Success at the Next Level - Preparing Students to Achieve in Learning and in Life

Achievement Compacts & Milestones

Milestones 2012-13
Portland Public Schools uses two key sets of targets to gauge student achievement at key learning stages.

PPS reports in October on its Oregon Achievement Compact targets, required by the state.

PPS has also continued to track its own Milestone targets since 2007-08, updating the latest results after the February release of graduation rates for the previous year.

Results for 2012-13 and trend summary
The graduation rate for all students is improving while gains are accelerating for historically underserved students.

  • The PPS four-year graduation rate rose 4 percentage points to 67%, the fourth consecutive year of gains. This year-over-year gain was one point shy of the target at this Milestone.
  • PPS met targets for narrowing the gap between white students and the lowest performing student group of color in On Track to Graduate and the graduation rate.
  • PPS missed theReading to Learn targets and On Track to Graduate target for overall improvement.
  • At both Reading to Learn and On Track to Graduate, overall student achievement rose between 2007-08 and 2010-11. In 2011-12, PPS aligned its Milestones with Oregon Achievement Compact standards, resetting the year-over-year comparisons.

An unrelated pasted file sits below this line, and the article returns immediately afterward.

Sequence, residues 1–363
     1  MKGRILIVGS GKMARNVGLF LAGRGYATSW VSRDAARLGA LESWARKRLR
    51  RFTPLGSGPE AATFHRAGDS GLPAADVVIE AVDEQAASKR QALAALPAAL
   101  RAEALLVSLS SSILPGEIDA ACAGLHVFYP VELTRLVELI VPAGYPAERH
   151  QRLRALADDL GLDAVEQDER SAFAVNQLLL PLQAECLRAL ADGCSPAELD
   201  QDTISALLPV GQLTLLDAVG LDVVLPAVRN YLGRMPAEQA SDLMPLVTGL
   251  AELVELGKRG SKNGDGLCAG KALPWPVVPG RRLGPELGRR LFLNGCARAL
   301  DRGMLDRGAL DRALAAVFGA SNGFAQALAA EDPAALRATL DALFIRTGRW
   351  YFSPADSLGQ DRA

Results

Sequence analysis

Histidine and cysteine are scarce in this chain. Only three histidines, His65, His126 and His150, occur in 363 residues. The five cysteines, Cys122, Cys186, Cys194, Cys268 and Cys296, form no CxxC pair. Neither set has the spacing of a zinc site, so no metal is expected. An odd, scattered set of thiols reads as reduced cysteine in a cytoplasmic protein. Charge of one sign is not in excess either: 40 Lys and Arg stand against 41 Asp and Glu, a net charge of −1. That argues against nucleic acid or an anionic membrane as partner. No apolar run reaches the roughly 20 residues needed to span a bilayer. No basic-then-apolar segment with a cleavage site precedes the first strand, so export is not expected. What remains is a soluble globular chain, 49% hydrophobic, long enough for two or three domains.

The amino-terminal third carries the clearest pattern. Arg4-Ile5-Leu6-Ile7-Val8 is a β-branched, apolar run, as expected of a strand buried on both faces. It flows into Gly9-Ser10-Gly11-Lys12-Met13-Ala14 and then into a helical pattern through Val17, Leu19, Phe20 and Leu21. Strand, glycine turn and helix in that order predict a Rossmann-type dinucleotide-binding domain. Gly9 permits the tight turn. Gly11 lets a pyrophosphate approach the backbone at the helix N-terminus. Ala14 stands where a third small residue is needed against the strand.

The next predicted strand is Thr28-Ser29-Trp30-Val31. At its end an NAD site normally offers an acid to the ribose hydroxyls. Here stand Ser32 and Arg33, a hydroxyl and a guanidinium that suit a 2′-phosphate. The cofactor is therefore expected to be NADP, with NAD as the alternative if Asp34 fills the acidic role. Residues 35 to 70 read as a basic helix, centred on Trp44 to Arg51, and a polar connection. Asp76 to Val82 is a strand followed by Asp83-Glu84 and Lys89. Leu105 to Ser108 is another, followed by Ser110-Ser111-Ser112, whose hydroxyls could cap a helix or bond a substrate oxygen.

Next steps        
PPS launched a community-wide early literacy campaign, Read Big. Read Together, in fall 2013, focused on getting all students reading well by the end of third grade. The Superintendent's 2014-15 preliminary budget includes additional teachers K-12 with a focus on high school as well as replicating practices proven to keep students on track to graduate.

Focus is on students at key stages

We’re using key assessments at each Milestone — from test results to attendance data — to evaluate our school district’s success in preparing our students for success at the next grade level and beyond. In 2012-13, we aligned our Milestone measures with state Achievement Compact measures.

Ready to read – At the beginning of first grade, all students should be ready to read, so they have a foundation for future academic success.

Reading to learn – By the end of third grade, students should be reading to gain an understanding of their world, in a variety of subjects.

Ready for high school – In middle grades, students should have strong attendance habits and the writing and math skills to grasp more demanding content in high school.*

On track to graduate – By the end of ninth grade, students should have earned at least 6 credits and have 90 percent or better attendance.

Graduate from high school on time – Students should have the skills needed for college or a career.

We’re also tracking our success in closing the achievement gap. We’re charting the disparity between the performance of white students and the lowest-scoring racial or ethnic group at each Milestone each year.